Erosion has exposed layer after layer of sedimentary rock in the Grand Canyon. Fossils trapped in the layers show that organisms changed over time as conditions on the surface changed over time. Deeper and older layers often contain fossils of organisms, such as trilobites, that no longer live on Earth.

For certain rocks, scientists can estimate the time since formation, or the absolute age of the rock, by techniques such as radiometric dating. Scientists use both relative and absolute dating as they compare fossils around the world. In this way, scientists try to make their history of life on Earth as precise as possible. However, the fossil record is an incomplete history of life because not all organisms have left fossil evidence. Most fossils are formed only by rare events. For example, a fossil could form if an organism died in a place where it did not fully decay and where rock later formed over the remains. Then, if the fossil escapes destruction over time, humans will discover it only by chance. Nevertheless, Earth is rich with fossil evidence of organisms that lived in the past.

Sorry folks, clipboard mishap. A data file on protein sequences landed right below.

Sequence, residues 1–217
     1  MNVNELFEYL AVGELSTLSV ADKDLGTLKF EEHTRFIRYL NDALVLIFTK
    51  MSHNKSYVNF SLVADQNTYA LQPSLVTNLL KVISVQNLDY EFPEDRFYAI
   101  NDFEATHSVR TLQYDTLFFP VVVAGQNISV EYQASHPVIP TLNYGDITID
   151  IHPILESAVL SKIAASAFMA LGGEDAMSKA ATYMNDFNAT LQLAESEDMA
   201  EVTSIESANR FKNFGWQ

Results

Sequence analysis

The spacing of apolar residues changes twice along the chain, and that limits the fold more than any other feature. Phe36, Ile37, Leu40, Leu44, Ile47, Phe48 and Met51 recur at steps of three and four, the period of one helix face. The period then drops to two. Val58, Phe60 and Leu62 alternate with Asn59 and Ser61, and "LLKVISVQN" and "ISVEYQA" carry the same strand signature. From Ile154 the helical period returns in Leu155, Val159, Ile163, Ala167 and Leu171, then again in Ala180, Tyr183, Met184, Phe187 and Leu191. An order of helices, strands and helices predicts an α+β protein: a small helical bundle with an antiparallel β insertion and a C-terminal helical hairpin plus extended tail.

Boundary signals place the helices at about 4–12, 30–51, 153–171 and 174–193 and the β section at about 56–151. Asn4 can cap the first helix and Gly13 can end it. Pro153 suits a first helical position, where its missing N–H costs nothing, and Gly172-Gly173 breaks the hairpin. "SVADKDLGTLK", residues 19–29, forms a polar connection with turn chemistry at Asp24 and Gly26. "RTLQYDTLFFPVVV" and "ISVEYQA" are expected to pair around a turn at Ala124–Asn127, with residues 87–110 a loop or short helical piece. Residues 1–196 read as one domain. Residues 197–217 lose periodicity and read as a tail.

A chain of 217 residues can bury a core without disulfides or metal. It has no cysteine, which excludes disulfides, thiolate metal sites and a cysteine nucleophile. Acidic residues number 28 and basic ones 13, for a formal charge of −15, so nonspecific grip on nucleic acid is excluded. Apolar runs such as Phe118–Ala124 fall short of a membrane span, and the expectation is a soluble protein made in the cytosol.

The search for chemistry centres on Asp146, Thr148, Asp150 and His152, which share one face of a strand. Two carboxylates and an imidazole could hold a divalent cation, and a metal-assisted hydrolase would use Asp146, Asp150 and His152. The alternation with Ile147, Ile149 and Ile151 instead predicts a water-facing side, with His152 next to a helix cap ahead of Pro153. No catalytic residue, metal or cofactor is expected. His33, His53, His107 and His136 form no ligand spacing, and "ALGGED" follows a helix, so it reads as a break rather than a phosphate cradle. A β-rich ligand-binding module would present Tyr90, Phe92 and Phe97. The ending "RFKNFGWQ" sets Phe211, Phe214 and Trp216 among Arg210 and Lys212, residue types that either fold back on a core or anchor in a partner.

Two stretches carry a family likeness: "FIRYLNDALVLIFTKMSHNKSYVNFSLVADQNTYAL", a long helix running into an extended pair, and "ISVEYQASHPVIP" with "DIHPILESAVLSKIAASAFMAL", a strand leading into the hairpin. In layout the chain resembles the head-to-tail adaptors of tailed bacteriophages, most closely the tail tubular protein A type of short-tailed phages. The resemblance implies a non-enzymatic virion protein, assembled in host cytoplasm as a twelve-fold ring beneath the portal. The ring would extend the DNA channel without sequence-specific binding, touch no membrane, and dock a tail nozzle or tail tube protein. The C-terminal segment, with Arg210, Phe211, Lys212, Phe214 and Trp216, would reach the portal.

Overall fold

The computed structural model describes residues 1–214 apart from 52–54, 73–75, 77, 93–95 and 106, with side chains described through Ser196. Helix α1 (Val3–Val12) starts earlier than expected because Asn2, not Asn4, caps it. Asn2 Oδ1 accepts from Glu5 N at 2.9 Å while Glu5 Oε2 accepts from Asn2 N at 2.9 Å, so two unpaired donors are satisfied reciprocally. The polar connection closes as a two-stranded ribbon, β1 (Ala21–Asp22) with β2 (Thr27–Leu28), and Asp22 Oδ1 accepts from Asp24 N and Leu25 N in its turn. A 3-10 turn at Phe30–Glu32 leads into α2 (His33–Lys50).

The Distribution of Fossils

A number of additional inferences can be made from the fossil record. First, we can infer that different organisms lived at different times. For example, the rock strata shown in Figure 15-6 hold different kinds of fossils in successive layers. Second, we can infer that today's organisms are different from those of the past. Trilobites, for example, were unlike any organism alive today. Third, we can infer that fossils found in adjacent layers are more like each other than to fossils found in deeper or higher layers. In other words, organisms that lived during closer time periods are more alike than organisms that lived in widely separated time periods. Different species of trilobites appear in nearby strata, whereas deeper and older strata do not hold trilobites but hold other kinds of organisms. Fourth, by comparing fossils and rocks from around the planet, we can infer when and where different organisms existed. Each fossil provides evidence about the environment in which the organism existed and for which the organism had become adapted.